Most of us would love a break on our health insurance. We would generally appreciate the convenience of seeing ads for things we're actually interested in buying, instead of irrelevant "clutter." A lot of us would like someone, or something, else keeping track of how effective our workouts are.
All that and more is available in a web-connected world. But those benefits come at a price -- personal information. In the case of health insurance, it means handing over some of the most intimate details of our lives, and lifestyles, in exchange for a couple hundred bucks a year.
But it is the kind of deal that, apparently, millions of us are willing to make. We have been carrying smartphones with GPS tracking abilities for nearly a decade now. We carry "loyalty" cards that allow retailers to track our purchases and sell or trade that information to data brokers.
Loyalty cards are a key part of the health insurance discount. The Boston Globe reported last month that Harvard Pilgrim, one of New England's major health insurers, had launched a program that paid its workers $20 a month to shop -- and then presumably eat -- healthy.
To get the cash, employees have to agree to have their, "grocery purchases ... tracked electronically when participants scan loyalty cards at the checkout counters," of several grocery chains. The company is looking to expand that program to the 1.2 million people it insures through 20,000 employers.
And now, we are snapping up "wearables" by the millions. There are at least 55 companies pitching devices, generally worn like a wrist watch, that monitor things like the type and intensity of a user's activity. Interest in the technology has reportedly generated $50 billion in investments.
"There are many different types," said Rebecca Herold, CEO of The Privacy Professor, "and more are released to the market every week, or some weeks it seems daily."
Wearables that function as "fitness trackers" have, not surprisingly, been incorporated into the modern wellness program. Companies like BP and Autodesk are offering lower insurance premiums to workers who prove they are more active through the use of the data generated from trackers.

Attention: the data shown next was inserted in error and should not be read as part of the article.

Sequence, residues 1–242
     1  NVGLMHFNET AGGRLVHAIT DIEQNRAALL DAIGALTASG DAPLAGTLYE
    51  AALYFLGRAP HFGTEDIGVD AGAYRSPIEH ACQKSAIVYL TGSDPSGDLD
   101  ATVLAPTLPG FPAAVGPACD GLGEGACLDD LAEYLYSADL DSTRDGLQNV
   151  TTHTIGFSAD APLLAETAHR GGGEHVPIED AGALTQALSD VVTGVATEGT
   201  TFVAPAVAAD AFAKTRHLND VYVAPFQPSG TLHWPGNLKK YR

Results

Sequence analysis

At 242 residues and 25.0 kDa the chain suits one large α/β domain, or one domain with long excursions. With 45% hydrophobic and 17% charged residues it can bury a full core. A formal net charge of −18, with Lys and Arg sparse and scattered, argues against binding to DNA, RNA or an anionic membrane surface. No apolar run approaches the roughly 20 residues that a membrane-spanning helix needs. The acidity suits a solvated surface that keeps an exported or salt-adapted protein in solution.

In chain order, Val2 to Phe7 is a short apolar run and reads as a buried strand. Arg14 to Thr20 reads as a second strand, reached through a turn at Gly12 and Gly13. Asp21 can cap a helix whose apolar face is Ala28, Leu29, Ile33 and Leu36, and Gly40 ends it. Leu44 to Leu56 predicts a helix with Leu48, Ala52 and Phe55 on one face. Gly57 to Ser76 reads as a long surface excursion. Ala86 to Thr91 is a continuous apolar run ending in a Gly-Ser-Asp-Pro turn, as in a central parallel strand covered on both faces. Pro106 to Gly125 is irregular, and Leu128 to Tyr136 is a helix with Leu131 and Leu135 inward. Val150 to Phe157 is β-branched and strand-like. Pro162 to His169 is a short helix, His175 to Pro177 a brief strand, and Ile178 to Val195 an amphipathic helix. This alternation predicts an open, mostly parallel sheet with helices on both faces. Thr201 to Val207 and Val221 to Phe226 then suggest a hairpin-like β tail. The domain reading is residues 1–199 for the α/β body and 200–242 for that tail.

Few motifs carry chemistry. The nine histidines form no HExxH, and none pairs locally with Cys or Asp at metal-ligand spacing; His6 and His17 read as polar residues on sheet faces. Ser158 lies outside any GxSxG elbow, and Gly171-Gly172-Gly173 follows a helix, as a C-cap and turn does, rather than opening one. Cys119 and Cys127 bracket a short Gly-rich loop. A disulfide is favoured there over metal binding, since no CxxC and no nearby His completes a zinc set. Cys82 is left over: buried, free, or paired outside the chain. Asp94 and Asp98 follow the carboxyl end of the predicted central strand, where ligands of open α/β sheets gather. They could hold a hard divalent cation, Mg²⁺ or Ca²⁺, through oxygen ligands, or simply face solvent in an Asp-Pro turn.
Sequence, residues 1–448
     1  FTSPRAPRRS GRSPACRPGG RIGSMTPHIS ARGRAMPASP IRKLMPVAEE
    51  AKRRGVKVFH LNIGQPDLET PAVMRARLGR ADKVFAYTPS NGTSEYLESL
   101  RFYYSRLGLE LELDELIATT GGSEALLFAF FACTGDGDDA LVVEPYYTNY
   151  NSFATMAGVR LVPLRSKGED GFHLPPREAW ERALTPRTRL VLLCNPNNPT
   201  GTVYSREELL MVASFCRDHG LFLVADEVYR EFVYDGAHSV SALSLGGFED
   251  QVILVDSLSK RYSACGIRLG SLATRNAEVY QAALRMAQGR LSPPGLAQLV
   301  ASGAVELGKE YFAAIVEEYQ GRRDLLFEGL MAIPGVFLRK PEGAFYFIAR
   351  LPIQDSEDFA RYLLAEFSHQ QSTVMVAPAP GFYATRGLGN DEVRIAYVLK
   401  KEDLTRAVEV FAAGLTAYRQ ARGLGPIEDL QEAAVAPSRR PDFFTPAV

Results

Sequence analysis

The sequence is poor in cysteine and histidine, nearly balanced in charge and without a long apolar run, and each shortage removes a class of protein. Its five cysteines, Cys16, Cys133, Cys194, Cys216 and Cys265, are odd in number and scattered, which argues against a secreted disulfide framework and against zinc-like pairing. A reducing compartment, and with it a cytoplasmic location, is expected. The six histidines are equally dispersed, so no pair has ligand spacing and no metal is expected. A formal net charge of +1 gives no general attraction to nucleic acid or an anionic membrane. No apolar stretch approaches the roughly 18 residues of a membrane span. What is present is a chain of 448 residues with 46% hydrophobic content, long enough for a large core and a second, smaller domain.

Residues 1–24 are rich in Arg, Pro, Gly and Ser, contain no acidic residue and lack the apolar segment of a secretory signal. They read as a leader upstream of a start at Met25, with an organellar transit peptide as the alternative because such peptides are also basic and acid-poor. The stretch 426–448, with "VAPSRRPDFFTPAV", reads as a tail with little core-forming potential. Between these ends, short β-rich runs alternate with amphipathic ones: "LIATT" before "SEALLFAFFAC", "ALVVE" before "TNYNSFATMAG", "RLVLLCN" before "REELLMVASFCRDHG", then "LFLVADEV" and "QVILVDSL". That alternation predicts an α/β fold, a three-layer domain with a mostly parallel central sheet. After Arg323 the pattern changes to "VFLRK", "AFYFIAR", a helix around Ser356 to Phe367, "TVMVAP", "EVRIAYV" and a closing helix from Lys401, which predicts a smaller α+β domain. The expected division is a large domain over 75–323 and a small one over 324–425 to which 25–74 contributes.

These devices track much more than steps, however. They can tell if the user is biking or running, and can calculate distances traveled and calories burned. That, of course, means "connected" devices know a user's location and how he or she got there -- on foot, by bicycle or in a vehicle. The devices also capture information about sleep patterns, calories, blood pressure, heart rate and other data that most of us consider is between our doctors and us.
This, according Google cofounder Larry Page, is a very good thing. Page is among those who believe that the Health Insurance Portability and Accountability Act (HIPAA), which is aimed at protecting patient privacy through limits on the sharing of Electronic Health Records (EHR), ought to be revoked or at least drastically reformed.
In a recent interview, he said if medical records were widely accessible in an online database, "I imagine that would save 10,000 lives in the first year."
But Deborah Peel, executive director of Patient Privacy Rights, told the Washington Post recently that fitness-tracking devices are "a privacy nightmare."
In a CSPAN interview earlier this year, Peel said more than 4 million businesses can access health records -- ranging from employers to government agencies, insurance companies, billing firms, pharmaceutical companies, pharmaceutical benefit managers, marketing firms and data miners.
"This is a massive violation of our right to keep sensitive information private," she said, adding that, "any kind of mental health diagnosis can ruin your life."
Pam Dixon, founder and executive director of the World Privacy Forum (WPF), agrees. She is one of numerous privacy advocates who point out that most fitness trackers are currently exempt from any regulation -- they are not covered by HIPAA since they are consumer devices that have not been furnished or prescribed by a health-care provider.